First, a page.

Sex work produces some unexpected fringe benefits. For instance, according to this article in Hazlitt about a proposed bill restricting classified ads for escorts in Canada, it supports print media at a time when little else will, and as well as other industries.
sex work ads contribute crucially to the health of print media. And the less secretive publishers are about this relationship, the better they seem to do: the Grid is dead, but NOW—despite a defiantly untrendy design—is holding strong. … There is no question that online advertising has transformed the sex industry, but in fact, ads for sexual services are far from endangered, and appear in print publications as diverse as the Toronto Sun and the New York Review of Books (which runs them alongside personals ads). …
Sex work supports economies beyond publishing. It’s likely that businesses in the hotel, transportation, and tourism spheres will be hurt by the bill, too. “The sex industry is huge, especially when you consider that it’s not just sex workers, but everyone involved with them—clients, drivers, porn consumers, sex bloggers… the list goes on and on,” says Carolyn, an agency escort in downtown Toronto (her name has been changed on request, to protect her anonymity). “Our clubs bring in tourists, our lived experiences sell books and magazines, and sex workers buy food and clothes and cars and houses just like everyone else. But we don’t talk about that. We’d rather have this illusion that sex workers are different from non-sex workers, and that what we do isn’t real work.”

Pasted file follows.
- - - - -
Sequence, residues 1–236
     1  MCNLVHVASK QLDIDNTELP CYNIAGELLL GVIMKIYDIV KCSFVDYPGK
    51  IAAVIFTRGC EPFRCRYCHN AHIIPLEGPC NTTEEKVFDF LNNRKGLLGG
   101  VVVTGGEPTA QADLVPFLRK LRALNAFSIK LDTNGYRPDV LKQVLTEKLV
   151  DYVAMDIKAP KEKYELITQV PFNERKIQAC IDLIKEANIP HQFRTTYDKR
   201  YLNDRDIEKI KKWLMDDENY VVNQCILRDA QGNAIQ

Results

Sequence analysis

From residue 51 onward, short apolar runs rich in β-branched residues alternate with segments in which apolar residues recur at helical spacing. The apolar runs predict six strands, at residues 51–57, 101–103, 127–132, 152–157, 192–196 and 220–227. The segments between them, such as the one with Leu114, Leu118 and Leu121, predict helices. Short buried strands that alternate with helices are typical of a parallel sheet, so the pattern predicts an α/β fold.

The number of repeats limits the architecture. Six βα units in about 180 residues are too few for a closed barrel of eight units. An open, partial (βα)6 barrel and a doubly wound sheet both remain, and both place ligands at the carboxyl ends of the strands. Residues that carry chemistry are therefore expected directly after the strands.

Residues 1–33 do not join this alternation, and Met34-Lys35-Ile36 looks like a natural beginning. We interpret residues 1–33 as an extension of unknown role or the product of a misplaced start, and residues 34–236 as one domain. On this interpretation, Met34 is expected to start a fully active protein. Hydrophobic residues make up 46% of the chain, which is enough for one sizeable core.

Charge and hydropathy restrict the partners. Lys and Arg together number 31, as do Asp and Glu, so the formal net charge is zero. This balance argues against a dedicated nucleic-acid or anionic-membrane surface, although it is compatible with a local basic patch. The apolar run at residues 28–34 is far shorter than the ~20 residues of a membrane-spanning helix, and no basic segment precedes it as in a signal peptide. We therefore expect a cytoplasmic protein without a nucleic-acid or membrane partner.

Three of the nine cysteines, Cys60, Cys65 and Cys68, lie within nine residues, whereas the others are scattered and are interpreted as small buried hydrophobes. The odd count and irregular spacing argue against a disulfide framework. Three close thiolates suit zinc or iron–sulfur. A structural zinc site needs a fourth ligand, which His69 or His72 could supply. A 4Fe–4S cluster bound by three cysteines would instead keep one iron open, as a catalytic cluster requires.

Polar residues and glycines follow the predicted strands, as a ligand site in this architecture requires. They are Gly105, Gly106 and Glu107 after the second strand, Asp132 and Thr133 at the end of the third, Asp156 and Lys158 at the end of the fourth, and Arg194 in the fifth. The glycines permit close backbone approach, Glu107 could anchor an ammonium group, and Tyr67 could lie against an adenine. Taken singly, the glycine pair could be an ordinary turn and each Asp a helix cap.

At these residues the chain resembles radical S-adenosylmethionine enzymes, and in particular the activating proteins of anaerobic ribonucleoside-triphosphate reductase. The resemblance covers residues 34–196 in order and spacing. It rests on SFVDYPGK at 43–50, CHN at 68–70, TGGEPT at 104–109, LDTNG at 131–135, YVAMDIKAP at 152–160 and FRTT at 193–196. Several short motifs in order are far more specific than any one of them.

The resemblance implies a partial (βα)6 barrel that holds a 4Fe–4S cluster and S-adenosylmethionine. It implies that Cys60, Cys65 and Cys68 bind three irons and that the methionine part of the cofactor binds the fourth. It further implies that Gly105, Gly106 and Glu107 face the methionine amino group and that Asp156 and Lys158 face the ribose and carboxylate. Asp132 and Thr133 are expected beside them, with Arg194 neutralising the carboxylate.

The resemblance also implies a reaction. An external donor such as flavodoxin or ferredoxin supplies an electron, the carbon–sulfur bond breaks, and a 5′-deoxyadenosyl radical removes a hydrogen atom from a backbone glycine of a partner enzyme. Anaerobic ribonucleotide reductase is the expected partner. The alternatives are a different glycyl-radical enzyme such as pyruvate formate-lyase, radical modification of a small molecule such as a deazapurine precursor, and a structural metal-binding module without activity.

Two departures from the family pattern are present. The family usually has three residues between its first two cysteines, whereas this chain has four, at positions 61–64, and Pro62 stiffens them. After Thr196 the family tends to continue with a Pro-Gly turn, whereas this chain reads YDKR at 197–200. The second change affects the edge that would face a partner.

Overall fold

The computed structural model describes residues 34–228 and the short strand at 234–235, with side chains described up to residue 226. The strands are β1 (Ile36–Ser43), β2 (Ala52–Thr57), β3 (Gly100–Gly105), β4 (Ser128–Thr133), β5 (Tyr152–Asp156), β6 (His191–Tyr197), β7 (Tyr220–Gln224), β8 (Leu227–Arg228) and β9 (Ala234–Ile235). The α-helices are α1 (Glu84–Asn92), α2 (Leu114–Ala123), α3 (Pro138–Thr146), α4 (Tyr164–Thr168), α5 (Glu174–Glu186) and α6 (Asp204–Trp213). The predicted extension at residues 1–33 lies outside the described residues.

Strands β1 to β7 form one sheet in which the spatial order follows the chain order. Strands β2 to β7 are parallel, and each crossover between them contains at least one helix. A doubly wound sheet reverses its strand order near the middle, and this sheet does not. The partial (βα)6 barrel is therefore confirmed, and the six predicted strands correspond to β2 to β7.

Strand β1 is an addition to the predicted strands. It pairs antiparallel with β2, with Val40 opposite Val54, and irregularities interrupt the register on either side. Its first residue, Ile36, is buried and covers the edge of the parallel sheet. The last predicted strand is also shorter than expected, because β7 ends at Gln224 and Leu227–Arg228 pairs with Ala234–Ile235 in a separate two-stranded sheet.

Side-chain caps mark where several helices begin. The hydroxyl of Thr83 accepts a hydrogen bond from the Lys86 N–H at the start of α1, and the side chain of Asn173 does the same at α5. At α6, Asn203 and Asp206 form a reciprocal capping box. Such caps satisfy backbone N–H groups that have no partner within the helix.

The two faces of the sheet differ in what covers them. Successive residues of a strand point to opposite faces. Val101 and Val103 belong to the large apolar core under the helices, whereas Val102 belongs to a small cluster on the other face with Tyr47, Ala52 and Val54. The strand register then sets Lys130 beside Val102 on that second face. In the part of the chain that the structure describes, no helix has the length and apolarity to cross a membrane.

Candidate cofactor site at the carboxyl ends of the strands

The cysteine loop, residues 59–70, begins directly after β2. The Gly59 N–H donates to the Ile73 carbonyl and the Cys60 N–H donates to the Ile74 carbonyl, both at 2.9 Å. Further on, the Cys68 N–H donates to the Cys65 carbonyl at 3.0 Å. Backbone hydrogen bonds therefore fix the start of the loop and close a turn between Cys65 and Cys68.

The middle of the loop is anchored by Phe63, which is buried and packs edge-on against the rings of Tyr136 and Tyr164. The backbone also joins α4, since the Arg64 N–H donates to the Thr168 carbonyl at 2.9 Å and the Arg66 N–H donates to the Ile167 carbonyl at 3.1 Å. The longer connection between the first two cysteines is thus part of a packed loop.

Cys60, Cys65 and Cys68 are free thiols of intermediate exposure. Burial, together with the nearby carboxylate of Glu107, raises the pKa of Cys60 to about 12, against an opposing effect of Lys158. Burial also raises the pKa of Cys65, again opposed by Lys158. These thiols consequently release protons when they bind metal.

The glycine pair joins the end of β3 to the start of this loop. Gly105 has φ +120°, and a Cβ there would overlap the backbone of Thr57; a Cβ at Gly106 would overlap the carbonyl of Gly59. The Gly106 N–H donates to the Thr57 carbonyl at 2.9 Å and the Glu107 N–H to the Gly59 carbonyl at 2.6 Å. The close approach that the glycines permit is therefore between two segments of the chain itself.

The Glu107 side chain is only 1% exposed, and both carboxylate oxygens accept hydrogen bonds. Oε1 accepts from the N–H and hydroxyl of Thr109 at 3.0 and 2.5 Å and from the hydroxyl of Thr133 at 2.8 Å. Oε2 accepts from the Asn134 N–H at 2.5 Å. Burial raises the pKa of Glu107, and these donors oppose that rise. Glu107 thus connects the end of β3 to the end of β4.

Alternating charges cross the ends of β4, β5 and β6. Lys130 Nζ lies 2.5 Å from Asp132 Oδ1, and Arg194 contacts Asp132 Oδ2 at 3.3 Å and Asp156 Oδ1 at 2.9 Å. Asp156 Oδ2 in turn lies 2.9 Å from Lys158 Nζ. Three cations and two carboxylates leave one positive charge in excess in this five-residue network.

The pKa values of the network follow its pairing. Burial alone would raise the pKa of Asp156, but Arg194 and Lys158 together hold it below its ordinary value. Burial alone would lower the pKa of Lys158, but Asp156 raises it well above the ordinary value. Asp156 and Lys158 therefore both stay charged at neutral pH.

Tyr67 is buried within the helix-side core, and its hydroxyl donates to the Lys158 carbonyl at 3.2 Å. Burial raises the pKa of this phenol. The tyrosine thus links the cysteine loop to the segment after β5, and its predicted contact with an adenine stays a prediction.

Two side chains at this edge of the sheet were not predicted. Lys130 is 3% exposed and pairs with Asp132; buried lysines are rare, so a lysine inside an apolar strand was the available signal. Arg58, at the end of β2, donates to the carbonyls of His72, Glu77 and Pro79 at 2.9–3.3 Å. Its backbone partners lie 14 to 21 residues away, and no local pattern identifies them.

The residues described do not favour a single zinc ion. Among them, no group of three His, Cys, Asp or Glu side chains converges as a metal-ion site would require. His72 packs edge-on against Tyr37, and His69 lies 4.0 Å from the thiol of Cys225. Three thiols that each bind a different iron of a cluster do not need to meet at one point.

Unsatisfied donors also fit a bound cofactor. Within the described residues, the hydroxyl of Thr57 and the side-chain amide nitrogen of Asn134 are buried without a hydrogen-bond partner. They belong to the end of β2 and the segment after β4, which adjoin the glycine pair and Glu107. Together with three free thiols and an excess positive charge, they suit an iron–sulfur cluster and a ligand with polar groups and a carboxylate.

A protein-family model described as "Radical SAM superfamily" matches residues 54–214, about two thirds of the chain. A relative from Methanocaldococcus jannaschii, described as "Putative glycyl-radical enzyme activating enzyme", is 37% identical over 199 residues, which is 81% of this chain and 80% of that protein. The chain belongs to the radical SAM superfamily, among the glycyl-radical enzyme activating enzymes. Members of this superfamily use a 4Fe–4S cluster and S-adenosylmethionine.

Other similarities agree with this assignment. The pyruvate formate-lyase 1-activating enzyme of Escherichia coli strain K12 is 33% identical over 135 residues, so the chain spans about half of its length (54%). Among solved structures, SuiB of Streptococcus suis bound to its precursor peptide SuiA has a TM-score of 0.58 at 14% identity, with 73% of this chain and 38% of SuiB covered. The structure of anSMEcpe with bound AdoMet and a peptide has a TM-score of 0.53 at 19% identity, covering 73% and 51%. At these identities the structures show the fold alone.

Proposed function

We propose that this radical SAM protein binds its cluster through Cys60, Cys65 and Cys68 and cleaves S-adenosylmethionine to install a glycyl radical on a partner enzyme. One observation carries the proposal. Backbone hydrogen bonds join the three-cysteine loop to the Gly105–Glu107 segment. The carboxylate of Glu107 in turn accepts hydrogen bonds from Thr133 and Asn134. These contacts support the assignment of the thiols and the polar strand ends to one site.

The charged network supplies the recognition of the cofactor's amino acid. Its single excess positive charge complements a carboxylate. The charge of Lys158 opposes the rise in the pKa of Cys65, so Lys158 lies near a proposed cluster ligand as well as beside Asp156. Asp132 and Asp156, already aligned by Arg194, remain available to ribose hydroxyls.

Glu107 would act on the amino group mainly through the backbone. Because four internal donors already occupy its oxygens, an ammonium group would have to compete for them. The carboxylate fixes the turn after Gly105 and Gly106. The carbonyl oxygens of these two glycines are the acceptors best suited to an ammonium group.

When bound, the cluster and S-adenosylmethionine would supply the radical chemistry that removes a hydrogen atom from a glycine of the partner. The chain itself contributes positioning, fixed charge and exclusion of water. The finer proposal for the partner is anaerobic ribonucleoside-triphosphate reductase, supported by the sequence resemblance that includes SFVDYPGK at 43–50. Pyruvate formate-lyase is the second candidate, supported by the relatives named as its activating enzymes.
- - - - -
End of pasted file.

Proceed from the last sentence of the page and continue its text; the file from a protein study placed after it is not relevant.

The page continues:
“It’s hard to admit that sex work isn’t just happening in certain zones or neighbourhoods, and that any normal person you see around could be a sex worker,” she continues. “I think if people were to realize that, it would be much harder to criminalize and dismiss us.”